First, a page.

4.  Date your correspondence.  Date your correspondence.  Date your correspondence.  Nothing shows a lack of professionalism and lack of attention to detail as sharply as undated correspondence.  It will certainly be difficult to prove when your letter or document was sent if you do not have a date on it.  A year or two later, it may be completely impossible to do so.  In case I forgot to mention it, be sure to date your correspondence.

5.  Use titles or honorifics.  In the “business address” of your correspondence, always use the complete name of the person to whom you are writing (if known) together with that person’s honorific or professional title (e.g., Mr., Ms., Dr., Nurse, Prof., Dean, etc.)  This shows both respect and professionalism.

6.  Always use the complete mailing address, including title, of the person to whom you are sending the letter.  In the business address of your correspondence include not only the person’s name and honorifics, but title or position and division within the institution or organization to which you are sending it.  In the case of large organizations, you should include the building and suite or room numbers and any internal routing codes, designations, “mail stops” or other organizational routing codes, that the agency or business you are writing requires to route its mail internally.  Large organizations, especially government agencies and insurance companies, all have large mail rooms which sort and route all mail the organization receives from any source.  Correct internal routing codes will help ensure that your correspondence gets to the correct person or official in a timely manner.  Often today companies scan or have all e-mails saved by a clerk, as well

7.  Always use a salutation.  This is self-explanatory, but see below.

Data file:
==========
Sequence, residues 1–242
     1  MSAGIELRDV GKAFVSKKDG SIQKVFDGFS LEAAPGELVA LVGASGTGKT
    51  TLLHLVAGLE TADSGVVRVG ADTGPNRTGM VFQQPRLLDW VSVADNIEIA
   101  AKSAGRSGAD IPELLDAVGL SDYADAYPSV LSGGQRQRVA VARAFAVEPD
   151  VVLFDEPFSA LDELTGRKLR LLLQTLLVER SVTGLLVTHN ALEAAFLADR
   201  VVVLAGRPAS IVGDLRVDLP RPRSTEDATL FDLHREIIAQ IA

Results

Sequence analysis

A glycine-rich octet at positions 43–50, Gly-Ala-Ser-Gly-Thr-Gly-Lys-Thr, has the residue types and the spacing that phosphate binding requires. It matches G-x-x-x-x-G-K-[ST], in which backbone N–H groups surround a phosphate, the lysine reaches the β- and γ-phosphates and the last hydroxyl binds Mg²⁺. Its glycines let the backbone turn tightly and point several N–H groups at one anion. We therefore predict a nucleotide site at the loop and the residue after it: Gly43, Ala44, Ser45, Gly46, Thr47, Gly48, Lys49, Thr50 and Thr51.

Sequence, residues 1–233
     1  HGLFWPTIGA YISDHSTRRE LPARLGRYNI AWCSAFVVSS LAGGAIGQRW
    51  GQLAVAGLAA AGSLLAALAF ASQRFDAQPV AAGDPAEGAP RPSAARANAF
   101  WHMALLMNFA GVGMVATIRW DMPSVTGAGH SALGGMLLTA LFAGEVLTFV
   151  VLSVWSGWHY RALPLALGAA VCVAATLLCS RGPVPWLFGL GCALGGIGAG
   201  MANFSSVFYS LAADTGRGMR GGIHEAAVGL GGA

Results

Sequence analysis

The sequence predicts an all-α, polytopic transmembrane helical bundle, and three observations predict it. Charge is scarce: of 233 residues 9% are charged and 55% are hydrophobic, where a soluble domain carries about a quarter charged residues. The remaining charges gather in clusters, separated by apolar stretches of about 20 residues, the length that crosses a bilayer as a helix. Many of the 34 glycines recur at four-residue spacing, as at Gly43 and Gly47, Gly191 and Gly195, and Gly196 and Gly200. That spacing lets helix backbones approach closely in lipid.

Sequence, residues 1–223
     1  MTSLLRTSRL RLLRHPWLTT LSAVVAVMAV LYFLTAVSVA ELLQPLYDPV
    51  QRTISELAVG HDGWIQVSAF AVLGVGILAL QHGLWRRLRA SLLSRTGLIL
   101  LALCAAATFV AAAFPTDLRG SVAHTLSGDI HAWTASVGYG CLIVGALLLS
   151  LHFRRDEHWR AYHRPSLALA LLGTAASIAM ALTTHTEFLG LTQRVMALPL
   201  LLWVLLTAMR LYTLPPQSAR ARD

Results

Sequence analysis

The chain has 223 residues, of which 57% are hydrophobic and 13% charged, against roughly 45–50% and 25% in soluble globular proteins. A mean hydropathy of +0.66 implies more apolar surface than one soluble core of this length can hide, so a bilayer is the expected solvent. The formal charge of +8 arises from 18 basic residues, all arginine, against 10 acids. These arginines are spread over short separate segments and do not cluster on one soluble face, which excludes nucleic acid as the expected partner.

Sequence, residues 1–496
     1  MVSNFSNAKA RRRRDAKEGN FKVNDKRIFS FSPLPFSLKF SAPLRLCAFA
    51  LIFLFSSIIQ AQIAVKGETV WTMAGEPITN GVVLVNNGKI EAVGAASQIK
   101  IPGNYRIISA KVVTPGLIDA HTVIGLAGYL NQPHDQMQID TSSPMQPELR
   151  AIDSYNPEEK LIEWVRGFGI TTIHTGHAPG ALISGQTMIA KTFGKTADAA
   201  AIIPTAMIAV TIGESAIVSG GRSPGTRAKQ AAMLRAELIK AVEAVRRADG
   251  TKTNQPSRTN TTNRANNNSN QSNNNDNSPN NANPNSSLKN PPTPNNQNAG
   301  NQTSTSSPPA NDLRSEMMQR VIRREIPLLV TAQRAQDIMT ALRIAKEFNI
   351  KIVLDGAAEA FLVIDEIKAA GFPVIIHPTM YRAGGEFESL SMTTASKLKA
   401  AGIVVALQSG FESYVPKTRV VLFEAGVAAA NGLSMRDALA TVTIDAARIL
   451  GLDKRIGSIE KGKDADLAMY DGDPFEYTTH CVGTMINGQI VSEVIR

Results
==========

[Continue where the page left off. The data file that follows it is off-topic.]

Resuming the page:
8.  In your “salutation,” always use the person’s last name with a title or honorific.  It is customary to use the term “Dear” in a salutation in formal writing, so this is permitted.  But you may leave it out.  For example, “Dear Secretary Jones:” or “Secretary Jones:” or “Dear Dr. Johnson:” or “Dr. Johnson:”;  all of these are correct.  Never refer to the person by that person’s first name in any type of formal correspondence or correspondence that anyone else might read.  Never say:  “Dear Sue:” or “Sharon:”.  Even if you know these people well enough to call them by their first names, don’t do it in this situation;  it’s unprofessional and may be interpreted as “talking down” to the person.

9.  Always end your “salutation” with a colon, not a comma.  A comma is only used in informal communications to those you know well or socially, such as a letter to your mother or a note to your girlfriend.  Unless this is your mother or your girlfriend to whom you are writing, use a colon.  For example, “Dear Secretary Jones,” or “Dear Sue,” is incorrect.  “Dear Secretary Jones:” or “Ms. Smith:” is correct.

10.  Type (or word-process) your correspondence or have it typed (or word-processed) for you;  this is one reason transcriptionists, secretaries and clerks have jobs.  Do not send handwritten letters in formal or professional matters.  Do not write on the other person’s correspondence or documents and send them back.  Prepare and send a professional looking letter or e-mail, even if you must pay someone to type it for you (and if you are sending an e-mail, I know you can type a little bit yourself, anyway).  To do otherwise is to show laziness, disrespect and unprofessionalism.

11.  Always use a type font in your correspondence (including e-mails) of at least 12 points (10 characters per inch).  Do not use a small, difficult to read type fonts, for example, the size of the type font that most e-mail software defaults to.  Smaller type fonts than 12 points become difficult to read, especially if scanned/rescanned, faxed/refaxed or copied/recopied.  Change the default font in your e-mail software or computer word processing software, if necessary.  You can do this, regardless of how difficult it may seem at first;  I know you can do it, because I can do it.  Make your professional correspondence easier to read, not more difficult to read.

12.  Never use unprofessional looking type fonts for your communications.  Stay away from script type fonts, italics or novelty type fonts.  These are notoriously more difficult to read and look unprofessional.  You are not publishing a flyer for a high school bake sale.  Times New Roman, CG Times, and similar type fonts are more professional looking and easier for a person to read.  Use Courier or Letter Gothic type fonts if necessary.